There's an interest-only mortgage crisis ahead, with hundreds of thousands of people having no way to repay their loans when they fall due in the next few years.
And anyone who hopes to resolve the problem by unlocking their retirement cash when the pension rules change next year is likely to be disappointed.
From 2017 an estimated 40,000 interest-only mortgages held by borrowers aged 65 and over will mature every year, reckons Age UK.
But new research published today by the charity reveals a huge gap between what people think they will need in order to repay their mortgage and what they actually may still owe.
Interest-only borrowers believe their average shortfall will be just over £22,000. But the latest estimate by the Financial Conduct Authority shows that nearly half of people with these mortgages will still owe £50,000 – more than twice as much.
The average pension fund is currently worth £36,800, a third less than the average interest-only debt figure. That means those thinking of using their retirement savings to pay off their mortgage will have to think again.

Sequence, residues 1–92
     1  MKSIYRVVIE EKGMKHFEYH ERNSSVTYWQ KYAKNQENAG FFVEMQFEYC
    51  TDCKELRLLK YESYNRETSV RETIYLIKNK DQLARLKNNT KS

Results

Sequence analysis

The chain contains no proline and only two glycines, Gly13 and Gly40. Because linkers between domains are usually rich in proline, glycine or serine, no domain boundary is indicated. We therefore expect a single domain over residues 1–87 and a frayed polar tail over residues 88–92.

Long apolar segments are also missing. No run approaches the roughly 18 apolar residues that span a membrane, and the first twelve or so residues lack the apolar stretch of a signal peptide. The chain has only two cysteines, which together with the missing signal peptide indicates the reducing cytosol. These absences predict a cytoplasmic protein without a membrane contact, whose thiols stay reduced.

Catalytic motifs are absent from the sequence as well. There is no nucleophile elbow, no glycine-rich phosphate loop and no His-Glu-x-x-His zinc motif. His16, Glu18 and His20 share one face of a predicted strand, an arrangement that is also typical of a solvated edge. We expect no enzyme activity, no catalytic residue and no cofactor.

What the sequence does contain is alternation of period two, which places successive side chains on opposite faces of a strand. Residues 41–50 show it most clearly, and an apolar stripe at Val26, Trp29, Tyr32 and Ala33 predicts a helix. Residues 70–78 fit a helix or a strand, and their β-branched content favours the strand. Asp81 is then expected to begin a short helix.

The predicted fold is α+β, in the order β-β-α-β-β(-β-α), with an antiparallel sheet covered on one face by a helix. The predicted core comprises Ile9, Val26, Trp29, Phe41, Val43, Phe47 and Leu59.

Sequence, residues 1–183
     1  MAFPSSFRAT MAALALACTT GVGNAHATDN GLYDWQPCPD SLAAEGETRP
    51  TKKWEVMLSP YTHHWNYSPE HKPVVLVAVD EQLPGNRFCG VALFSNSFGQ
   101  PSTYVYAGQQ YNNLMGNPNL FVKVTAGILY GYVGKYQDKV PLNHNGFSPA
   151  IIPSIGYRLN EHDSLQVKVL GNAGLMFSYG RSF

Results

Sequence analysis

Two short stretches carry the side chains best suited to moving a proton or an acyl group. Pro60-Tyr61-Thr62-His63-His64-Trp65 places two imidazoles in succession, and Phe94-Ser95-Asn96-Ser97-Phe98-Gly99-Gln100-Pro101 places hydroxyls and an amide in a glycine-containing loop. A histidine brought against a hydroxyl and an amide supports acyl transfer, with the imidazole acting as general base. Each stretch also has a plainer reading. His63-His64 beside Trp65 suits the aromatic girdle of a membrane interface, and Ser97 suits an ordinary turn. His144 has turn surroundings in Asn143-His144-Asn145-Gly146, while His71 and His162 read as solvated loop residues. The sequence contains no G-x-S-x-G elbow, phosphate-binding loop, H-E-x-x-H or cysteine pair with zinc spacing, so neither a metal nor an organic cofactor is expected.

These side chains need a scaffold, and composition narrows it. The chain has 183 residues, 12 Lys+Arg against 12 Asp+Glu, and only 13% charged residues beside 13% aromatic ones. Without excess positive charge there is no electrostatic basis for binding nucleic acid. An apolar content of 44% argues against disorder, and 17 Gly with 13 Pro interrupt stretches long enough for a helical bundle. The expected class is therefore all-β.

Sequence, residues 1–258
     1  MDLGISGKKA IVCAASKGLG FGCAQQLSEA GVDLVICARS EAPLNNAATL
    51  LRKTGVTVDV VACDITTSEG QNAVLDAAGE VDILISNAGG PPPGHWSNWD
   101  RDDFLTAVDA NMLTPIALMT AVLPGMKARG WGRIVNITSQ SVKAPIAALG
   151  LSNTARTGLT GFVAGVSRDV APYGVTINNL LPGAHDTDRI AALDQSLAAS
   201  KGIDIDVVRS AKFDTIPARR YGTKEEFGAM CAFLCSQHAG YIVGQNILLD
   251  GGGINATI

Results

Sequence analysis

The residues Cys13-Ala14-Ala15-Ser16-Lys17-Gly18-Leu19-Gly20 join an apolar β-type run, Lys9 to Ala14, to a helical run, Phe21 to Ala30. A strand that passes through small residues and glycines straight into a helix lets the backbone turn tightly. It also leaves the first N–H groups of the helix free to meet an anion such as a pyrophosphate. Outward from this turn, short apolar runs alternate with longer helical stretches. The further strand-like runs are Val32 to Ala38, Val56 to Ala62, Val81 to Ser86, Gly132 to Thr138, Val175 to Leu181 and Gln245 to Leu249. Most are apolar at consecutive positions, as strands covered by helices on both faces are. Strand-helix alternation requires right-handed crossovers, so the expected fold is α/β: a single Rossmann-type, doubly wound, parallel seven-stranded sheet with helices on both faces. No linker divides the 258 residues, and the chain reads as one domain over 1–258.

Meanwhile Age UK is worried that older people will be encouraged by lenders to use their pension to cover their outstanding mortgage debt.
Caroline Abrahams, Age UK's charity director, said: "Pensions are the nest eggs we build up for later life when our income falls. For many of us, this money is all that we have to supplement the state pension and allow us to live more comfortably.
"It's important that people are not put under pressure to use these savings to settle outstanding mortgage debt if they have other options, such as extending the mortgage."